Thought to originally to date from the 18th Century, but rebuilt in the late 1800’s, this former Laird’s house comprised a storey and a half principal block with crowstep gable walls and projecting porch with armorial panel to the front (south), flanked by single storey crenellated wings to either side, plus a further single storey wing to the rear (see historical photograph).
Understood to have last been occupied in the 1920’s, the property is now in a ruinous condition with essentially just the walls remaining, and requires complete restoration.
Planning permission for the renovation of the building to provide a residential property, to include installation of a septic tank and access, was applied for in 2012 (Ref: 2012/253/PPF). This was not followed through to approval although the local planning department was very supportive especially as the building is on the Buildings at Risk register, and outline permission (now lapsed) for restoration was previously granted in 2001.
The works planned under the 2012 application were for the creation of a four bedroom property with a living room, study, kitchen with living / dining area off, and en-suite master bedroom on the ground floor, plus three further bedrooms and a bathroom on the first floor, however as permission was not pursued, approval for this specific layout cannot be confirmed at this stage. Prospective purchasers are therefore advised to discuss the possibilities for the property with the local planning department directly.
As the property is Grade C Listed, any work will require planning and listed building consent. An archaeological assessment will be required as the building sits in an area with a number of archaeological remains including an Iron Age broch which is a scheduled ancient monument. This would be required prior to the granting of planning permission.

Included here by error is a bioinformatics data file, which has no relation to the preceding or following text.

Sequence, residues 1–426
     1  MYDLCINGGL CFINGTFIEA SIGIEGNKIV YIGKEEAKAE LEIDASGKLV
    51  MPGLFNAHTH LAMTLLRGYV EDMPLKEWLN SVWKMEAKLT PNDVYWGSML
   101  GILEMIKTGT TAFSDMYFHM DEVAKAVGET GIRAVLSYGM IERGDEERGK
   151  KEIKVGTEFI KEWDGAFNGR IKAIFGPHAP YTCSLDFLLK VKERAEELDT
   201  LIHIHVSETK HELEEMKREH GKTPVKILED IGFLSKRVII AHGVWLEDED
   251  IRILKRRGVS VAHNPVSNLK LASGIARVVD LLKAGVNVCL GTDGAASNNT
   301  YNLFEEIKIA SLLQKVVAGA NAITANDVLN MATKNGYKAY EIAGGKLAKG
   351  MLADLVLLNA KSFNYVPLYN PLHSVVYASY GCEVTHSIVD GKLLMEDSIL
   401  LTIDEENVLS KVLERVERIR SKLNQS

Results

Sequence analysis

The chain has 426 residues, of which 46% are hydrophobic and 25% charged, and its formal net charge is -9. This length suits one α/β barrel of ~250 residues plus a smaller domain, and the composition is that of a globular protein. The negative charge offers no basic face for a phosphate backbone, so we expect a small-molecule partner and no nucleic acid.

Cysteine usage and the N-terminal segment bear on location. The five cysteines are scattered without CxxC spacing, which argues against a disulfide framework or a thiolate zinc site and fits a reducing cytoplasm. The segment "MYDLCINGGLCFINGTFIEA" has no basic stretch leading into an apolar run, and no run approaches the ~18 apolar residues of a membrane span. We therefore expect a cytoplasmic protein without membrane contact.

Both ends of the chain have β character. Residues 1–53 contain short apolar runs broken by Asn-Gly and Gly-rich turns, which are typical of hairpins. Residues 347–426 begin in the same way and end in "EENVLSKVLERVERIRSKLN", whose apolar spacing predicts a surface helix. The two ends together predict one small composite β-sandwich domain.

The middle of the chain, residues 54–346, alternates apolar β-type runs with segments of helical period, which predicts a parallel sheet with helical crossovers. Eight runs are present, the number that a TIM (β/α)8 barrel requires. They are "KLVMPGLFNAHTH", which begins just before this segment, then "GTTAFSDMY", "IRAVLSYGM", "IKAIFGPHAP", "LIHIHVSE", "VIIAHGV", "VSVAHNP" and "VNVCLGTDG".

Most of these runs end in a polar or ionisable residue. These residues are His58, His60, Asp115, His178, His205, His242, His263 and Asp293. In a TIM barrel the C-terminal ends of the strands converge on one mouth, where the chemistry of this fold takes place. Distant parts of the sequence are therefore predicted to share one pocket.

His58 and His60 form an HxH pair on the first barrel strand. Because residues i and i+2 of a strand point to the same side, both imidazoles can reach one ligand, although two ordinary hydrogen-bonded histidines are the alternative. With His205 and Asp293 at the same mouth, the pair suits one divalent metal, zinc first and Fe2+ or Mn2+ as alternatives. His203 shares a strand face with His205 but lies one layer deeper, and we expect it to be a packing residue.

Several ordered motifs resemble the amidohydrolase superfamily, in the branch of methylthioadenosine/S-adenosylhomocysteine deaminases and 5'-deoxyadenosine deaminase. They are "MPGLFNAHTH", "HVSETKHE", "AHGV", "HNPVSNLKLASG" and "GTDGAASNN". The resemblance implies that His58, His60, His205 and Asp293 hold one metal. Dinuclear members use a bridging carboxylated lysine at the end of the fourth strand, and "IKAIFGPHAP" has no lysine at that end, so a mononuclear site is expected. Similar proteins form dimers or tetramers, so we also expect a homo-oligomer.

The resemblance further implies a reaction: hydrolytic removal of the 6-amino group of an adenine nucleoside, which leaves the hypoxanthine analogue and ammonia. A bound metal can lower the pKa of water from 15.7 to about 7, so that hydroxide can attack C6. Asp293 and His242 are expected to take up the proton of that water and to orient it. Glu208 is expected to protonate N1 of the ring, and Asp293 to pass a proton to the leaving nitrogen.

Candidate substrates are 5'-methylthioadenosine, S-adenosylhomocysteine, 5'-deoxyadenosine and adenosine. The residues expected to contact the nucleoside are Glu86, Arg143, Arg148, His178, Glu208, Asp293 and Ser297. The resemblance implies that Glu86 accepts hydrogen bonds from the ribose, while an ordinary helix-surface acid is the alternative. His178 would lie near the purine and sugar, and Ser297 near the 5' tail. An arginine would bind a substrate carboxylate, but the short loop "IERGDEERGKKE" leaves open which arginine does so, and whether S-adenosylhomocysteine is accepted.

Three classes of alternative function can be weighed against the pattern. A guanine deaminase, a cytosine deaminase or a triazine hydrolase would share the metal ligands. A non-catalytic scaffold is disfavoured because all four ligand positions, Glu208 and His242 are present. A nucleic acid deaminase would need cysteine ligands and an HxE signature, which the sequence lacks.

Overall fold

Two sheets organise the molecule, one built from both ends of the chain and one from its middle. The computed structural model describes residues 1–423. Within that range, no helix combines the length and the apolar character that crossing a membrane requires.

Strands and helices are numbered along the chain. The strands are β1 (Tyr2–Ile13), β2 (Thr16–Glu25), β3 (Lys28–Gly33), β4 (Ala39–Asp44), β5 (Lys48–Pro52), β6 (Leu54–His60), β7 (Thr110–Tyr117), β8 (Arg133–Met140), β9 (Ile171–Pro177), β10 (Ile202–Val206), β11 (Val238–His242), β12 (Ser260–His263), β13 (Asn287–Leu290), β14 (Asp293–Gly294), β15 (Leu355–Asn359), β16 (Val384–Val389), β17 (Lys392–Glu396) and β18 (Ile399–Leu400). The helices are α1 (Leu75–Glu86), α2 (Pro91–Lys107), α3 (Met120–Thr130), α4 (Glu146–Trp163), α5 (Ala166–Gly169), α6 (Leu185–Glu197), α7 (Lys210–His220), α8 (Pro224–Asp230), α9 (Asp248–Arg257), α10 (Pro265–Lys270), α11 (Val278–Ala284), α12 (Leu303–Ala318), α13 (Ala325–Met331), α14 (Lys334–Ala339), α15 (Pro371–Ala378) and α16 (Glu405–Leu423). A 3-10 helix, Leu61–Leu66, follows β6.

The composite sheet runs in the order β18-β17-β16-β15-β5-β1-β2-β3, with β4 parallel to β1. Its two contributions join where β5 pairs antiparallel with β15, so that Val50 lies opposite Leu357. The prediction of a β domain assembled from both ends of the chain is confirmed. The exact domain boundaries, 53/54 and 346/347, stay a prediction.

Mains services are understood to be relatively nearby (the water main runs up from the main road just to the west of Windhouse Lodge, towards the house behind) although prospective purchasers should satisfy themselves in this regard by contacting the relevant utility providers directly.
The building sits within a large site which is surrounded by stone dyes and estimated to extend to around ⅓ acre or thereby as shown on the [plan](assets/files/plans/windhousesiteplan.pdf "Click here to see a plan of the site"). It comprises grassed areas to the front, rear and west of the house. The area to the front was originally formally laid out with a terrace, part of which remains, the south wall originally having a crenellated entrance arch and railings.
Note the fences surrounding the site are in place purely for safety reasons. They do not denote the boundaries of the site which generally follow the line of the stone dykes. The property has pedestrian and vehicular access over the track coloured blue which runs around the west side of the site to the rear.
Turn left from the main A968 road through Yell just to the south of the Mid Yell junction at the Windhouse Lodge Camping Bod. Follow the track up and around to the west side of the site. Note the track is suitable only for 4x4 vehicles.
To see the location of the property in an overall Shetland context, adjust the zoom by clicking the + or - buttons. Use the 'Map', 'Satellite' & 'Hybrid' buttons to switch between an ordnance survey style road map, a satellite aerial photograph or a combination (hybrid) of the two. Please note that the date of the satellite image is unknown and may not show new buildings.
(Please be aware the Google Street View was taken on the date shown. The building and surroundings may have changed since then. We always recommend you view the property personally.)